The Oak Reredos (an ornamental screen placed behind an altar) with its flying angels was installed in 1914.

The Oak Chancel Screen (1920) in front of the Sanctuary is Hampton’s War Memorial commemorating Hampton’s war dead from both World Wars.



The Mural Tablets around the walls are mostly from the earlier church and make interesting reading. The most impressive are:

The Effigy of Sibel Penn (in the south porch). Nurse to Edward VI, she died in 1562.

She lived close to the church at Penn’s Place, Church St. She is reputed to haunt Penn’s Place, Hampton Court – and the church.



ŠJohn Inglis The Tomb of Susannah Thomas, 1731, (on the east wall of the south aisle) where Susannah is shown reading to her mother, both in classical dress. It bears a fascinating description, evocative of eighteenth century life.

It is referred to in Jerome K Jerome’s ‘Three Men in a Boat’ (1889)

‘Harris wanted me to get out at Hampton Church to go and see Mrs Thomas’s Tomb. ‘Who is Mrs Thomas?’ I asked. ‘How should I know’ replied Harris. ‘She’s a lady that’s got a funny tomb and I want to see it’.

On the tomb the inscription includes the following description of Susannah Thomas "A lady of great Accomplishments and of great piety, in her person most agreeable, in her humour and behaviour so endearing, that none was more valued when living nor more lamented when dead."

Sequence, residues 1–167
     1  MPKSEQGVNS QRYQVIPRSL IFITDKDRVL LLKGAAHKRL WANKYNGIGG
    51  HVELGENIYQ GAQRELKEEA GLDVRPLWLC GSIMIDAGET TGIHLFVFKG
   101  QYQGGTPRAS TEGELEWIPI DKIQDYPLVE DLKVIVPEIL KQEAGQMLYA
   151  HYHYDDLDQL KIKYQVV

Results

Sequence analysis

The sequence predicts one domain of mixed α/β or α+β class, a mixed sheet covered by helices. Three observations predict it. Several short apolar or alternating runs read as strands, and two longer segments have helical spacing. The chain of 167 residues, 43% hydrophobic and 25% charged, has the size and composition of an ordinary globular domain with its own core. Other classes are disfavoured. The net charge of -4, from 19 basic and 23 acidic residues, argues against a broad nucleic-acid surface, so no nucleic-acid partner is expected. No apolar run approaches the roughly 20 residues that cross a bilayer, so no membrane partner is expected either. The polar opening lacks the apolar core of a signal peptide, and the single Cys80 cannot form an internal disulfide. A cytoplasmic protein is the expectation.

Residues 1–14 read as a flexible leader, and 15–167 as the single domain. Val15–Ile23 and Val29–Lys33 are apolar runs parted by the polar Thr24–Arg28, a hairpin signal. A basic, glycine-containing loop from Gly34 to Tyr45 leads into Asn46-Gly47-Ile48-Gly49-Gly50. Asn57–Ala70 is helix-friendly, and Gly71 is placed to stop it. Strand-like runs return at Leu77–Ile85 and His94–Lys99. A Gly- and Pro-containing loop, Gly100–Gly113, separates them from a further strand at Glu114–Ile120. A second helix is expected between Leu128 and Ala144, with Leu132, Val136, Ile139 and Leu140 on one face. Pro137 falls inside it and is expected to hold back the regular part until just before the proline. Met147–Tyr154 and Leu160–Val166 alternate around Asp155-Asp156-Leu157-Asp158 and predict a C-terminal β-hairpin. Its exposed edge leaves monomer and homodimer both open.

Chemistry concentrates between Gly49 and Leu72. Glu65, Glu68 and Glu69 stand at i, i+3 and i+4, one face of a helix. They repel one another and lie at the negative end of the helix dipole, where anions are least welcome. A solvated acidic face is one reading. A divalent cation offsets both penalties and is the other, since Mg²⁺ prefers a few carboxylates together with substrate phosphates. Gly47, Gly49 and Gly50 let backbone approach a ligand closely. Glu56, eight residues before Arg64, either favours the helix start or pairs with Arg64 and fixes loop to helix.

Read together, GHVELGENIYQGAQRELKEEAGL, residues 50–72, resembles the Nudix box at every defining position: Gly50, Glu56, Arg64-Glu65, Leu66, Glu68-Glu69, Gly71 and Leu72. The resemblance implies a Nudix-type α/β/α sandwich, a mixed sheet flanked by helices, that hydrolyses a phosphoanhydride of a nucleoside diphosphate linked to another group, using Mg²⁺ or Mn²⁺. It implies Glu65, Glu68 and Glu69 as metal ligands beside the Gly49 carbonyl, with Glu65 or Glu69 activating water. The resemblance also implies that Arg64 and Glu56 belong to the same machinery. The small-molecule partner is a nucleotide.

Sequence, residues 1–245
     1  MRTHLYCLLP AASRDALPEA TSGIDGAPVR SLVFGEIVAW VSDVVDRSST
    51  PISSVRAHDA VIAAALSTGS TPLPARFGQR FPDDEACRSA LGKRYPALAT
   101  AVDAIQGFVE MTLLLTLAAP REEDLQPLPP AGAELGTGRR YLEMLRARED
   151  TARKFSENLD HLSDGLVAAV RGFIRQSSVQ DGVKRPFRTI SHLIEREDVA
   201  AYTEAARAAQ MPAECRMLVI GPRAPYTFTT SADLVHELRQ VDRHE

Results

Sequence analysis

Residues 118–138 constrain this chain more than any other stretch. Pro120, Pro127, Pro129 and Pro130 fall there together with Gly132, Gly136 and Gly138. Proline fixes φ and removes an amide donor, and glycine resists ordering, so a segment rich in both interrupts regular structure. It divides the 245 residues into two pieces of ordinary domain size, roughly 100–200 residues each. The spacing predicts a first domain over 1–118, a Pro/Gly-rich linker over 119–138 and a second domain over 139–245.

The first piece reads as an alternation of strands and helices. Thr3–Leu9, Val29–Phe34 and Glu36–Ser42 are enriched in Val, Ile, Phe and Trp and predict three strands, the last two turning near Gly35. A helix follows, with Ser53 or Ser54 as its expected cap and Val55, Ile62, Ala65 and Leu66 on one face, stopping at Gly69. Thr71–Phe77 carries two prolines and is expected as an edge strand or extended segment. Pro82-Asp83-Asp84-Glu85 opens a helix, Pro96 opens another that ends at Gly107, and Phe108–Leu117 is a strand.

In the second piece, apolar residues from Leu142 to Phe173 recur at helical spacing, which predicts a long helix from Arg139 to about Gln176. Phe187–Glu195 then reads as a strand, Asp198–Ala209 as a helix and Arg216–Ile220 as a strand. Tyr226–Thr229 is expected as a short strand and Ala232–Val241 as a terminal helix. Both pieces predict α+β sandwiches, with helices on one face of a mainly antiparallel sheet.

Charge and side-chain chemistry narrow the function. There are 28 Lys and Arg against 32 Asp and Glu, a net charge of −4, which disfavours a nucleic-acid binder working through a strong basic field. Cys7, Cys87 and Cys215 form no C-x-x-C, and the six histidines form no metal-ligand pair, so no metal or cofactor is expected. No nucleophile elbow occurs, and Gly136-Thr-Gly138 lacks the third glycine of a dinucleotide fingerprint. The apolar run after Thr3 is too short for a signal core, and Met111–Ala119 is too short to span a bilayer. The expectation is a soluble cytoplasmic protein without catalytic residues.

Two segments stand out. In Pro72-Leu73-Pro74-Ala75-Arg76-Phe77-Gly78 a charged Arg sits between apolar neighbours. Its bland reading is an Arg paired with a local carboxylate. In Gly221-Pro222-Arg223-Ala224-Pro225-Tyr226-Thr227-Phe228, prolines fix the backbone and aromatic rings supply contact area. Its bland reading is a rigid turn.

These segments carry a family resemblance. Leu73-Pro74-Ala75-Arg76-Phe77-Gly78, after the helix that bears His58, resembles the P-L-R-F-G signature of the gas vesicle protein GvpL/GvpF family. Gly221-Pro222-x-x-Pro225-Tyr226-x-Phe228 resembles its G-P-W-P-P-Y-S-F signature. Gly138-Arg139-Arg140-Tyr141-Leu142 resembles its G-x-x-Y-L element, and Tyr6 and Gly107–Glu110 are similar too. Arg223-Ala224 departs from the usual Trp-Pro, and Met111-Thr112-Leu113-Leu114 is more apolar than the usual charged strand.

"Dying unmarried, she left her fortune to her next Heirs in Blood, under the restriction of their being Protestants, and in failure of such Issue to Charitable Uses."

Photo: ŠJohn InglisThe Mural on the West (rear) Wall was painted by Rev Geoffrey Fraser, Eric Fraser’s son, in 1952-3.

Below the figure of Christ are painted two panels, either side of the West Door.

On the left are depicted many famous figures from local history including Henry VIII and Cardinal Wolsey and on the right are officers of the Church and members of the congregation at the time when the mural was painted.





The north vault contains many old coffins, is chilly and atmospheric and makes a memorable visit.

Guided tours are available during the summer fete in June each year and at other times by request.

The south vault is permanently bricked up and therefore not accessible. The vaults are much older than the present church.



At least 600 years old. Partially closed in 1883. In 1972 it was renovated. Most of the headstones were taken away but some of the more interesting ones were retained.
Within the churchyard is the Garden of Remembrance which is still in use.

On the third Saturday in June the St Mary’s Summer Fete is held in the churchyard. This is a particularly good day to visit St Mary’s because one can then enjoy the fete , inspect the interior of the church and the floral decorations , take a guided tour of the crypt and meet many of the St Mary’s “regulars.”

This is a very substantial property which was built in 1884.


The church has had a strong connection with the Sovereign who has long held the Manor of Hampton and hence the crown on the top of the flagpole and the St George pennant.

Above the West Door are the Royal Arms that were originally fixed to the front of the Royal Pew that was in the north gallery of the original church.

In past times the congregation frequently included royalty. Among these were the Duke of Clarence who became King William the Fourth and reigned from 1830-1837. Since 1544 the Sovereign has “presented” the Vicar of Hampton , except during Cromwell’s protectorate, most recently via the Lord Chancellor.

St Mary’s is a place of Christian worship within the Church of England. Sunday Services are held at 8am, 9.30am, 11am and 6.30pm and all are welcome to attend. This pattern is varied slightly at Festival times. There are weekday services at 9am and at other times. It is in the Kensington Area of the Diocese of London.